-1
#4
Quote: Originally Posted by WalterView Post

I buy local honey at local apiaries and they say bee colony collapse is a lot of hokum and scare-mongering. Nothing out of the ordinary to lose hives over the winter and my local guys haven't had an inexplicable or out of the normal loss for years.

You picked that up at your Local WalMart, didn't yeah WalMart.. It was made in China, like everything else in your home.. just like Chicken Nuggets (external - login to view)..

 
spaminator
#5


hopefully the Africanized killer bees stay far below Toronto.
 
eh1eh
+2
#6
Quote: Originally Posted by WalterView Post

I buy local honey at local apiaries and they say bee colony collapse is a lot of hokum and scare-mongering. Nothing out of the ordinary to lose hives over the winter and my local guys haven't had an inexplicable or out of the normal loss for years.


Wow. That was a copy pasta job.
 
SLM
+2
#7
Quote: Originally Posted by eh1ehView Post

Wow. That was a copy pasta job.

You noticed that too huh? It's got me wondering if he's got all his replies saved in his browser somewhere. Probably a whole file folder full of 'gubmit' quips.

Typing out replies is so time consuming you know.
 
eh1eh
+1
#8
Quote: Originally Posted by SLMView Post

You noticed that too huh? It's got me wondering if he's got all his replies saved in his browser somewhere. Probably a whole file folder full of 'gubmit' quips.

Typing out replies is so time consuming you know.

Yep. It is exactly what I was expecting.
 
taxslave
+3
#9  Top Rated Post
Blame Monsanto
 
Walter
-1
#10
Quote: Originally Posted by eh1ehView Post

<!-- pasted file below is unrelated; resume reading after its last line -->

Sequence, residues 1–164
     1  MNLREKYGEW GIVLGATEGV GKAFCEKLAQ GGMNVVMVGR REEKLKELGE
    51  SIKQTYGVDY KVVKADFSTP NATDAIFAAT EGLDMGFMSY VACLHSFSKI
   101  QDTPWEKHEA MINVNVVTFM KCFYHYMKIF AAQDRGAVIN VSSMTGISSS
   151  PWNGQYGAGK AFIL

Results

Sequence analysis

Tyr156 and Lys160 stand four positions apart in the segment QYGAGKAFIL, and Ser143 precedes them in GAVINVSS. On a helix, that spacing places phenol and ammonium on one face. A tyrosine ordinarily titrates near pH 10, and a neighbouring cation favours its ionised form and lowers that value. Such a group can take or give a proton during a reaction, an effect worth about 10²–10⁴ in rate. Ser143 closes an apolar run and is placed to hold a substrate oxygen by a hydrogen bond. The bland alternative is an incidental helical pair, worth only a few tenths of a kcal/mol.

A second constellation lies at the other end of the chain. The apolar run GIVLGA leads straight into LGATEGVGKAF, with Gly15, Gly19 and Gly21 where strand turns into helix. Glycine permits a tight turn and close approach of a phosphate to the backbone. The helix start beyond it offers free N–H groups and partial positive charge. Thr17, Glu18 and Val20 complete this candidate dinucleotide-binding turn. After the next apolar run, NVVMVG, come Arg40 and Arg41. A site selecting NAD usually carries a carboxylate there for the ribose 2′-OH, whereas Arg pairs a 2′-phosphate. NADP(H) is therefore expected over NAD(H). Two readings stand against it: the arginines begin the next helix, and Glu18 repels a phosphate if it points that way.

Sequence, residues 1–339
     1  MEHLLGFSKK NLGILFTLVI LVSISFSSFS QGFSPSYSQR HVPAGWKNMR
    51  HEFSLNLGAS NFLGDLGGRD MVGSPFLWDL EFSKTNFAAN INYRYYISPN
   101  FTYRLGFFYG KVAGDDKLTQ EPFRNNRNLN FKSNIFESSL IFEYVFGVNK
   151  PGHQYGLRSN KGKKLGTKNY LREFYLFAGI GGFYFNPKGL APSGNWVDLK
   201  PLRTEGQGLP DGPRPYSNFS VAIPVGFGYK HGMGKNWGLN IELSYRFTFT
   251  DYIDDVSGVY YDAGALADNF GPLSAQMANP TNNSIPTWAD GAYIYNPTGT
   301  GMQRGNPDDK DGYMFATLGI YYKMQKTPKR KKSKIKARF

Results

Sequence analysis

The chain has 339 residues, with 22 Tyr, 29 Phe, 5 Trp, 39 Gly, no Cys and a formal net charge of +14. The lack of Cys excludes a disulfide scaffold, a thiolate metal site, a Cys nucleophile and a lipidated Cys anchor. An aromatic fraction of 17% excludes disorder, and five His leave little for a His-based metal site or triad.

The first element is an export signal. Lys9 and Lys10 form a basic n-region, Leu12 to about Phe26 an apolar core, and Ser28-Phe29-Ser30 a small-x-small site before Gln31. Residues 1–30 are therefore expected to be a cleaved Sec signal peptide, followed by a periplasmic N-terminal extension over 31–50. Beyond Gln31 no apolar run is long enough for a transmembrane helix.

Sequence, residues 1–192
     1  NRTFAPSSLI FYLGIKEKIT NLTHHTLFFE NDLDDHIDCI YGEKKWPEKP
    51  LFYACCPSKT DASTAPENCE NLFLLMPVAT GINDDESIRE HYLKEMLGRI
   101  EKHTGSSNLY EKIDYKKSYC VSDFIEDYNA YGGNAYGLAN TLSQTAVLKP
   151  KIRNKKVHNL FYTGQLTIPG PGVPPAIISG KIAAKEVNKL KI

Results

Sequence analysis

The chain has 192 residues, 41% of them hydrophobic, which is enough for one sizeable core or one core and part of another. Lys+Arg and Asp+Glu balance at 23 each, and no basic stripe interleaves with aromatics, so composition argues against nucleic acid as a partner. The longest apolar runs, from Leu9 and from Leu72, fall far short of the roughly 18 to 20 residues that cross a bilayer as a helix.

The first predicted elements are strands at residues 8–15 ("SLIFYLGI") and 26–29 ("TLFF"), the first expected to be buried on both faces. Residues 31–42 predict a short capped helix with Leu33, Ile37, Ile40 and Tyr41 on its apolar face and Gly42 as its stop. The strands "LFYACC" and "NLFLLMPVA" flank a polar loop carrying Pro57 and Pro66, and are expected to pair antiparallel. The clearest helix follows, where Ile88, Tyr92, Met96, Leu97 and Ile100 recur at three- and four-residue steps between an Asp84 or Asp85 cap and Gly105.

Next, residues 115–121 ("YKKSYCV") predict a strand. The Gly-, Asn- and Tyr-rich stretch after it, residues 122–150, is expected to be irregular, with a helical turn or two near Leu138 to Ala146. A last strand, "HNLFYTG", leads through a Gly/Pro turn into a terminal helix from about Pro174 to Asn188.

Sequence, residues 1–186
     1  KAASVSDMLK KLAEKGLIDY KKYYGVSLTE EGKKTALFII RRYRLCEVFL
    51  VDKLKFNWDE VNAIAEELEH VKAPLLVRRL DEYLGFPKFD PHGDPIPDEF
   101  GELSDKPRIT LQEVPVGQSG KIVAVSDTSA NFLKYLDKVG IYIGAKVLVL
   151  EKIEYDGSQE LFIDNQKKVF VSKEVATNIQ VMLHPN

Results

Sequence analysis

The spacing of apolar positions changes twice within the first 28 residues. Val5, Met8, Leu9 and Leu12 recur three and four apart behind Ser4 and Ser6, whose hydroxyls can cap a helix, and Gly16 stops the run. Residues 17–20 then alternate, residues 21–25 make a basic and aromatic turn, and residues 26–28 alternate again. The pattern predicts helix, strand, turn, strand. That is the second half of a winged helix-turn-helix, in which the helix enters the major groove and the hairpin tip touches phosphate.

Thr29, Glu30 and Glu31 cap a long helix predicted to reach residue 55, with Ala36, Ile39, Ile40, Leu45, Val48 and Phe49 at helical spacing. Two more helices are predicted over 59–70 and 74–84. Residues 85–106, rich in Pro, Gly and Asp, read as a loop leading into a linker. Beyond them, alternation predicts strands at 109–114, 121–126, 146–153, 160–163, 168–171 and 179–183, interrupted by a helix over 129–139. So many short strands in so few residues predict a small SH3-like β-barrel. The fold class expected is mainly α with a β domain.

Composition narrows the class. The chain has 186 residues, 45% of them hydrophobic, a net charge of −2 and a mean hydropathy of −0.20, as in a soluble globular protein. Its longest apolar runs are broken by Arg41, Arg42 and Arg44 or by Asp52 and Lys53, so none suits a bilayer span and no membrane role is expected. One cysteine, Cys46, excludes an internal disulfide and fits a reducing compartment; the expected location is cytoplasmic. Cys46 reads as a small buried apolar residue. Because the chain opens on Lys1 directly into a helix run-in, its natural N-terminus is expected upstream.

Wow. That was a copy pasta job.

From my post in a similar thread
 
B00Mer
-1
#11
LOL Walter is Mad.. he gave me a -1 LOL

 
Walter
-1
#12
Let me advertise. (Thanks mods)
Chatsworth Honey (external - login to view)

Love this one's name.
Rae's Honey House | Local Food Business | Foodlink Grey Bruce (external - login to view)

I use both regularly and they both have wonderful products. Please visit them on your travels up Hwy. 10.
 
B00Mer
#13
Quote: Originally Posted by WalterView Post

Let me advertise. (Thanks mods)
Chatsworth Honey (external - login to view)

You just lost a whole bunch of points with me...

Chatsworth, ON N0H 1G0, Canada - yeah we are talking about in the USA..

Neuro-active insecticides are banned in Canada and in Europe, but not in the USA. They are toxic enough to kill bees and this is the problem.

Yeah, you're buying your honey in Canada... Canada is not effected as yet..
 
Walter
#14
Quote: Originally Posted by B00MerView Post

You just lost a whole bunch of points with me...

Chatsworth, ON N0H 1G0, Canada - yeah we are talking about in the USA..

Neuro-active insecticides are banned in Canada and in Europe, but not in the USA. They are toxic enough to kill bees and this is the problem.

Yeah, you're buying your honey in Canada... Canada is not effected as yet..

Winds blows.
 
B00Mer
-1
#15
Quote: Originally Posted by WalterView Post

Winds blows.

Blow hards blow.. you're good at it.
 
Sal
+1
#16
 
spaminator
+3
#17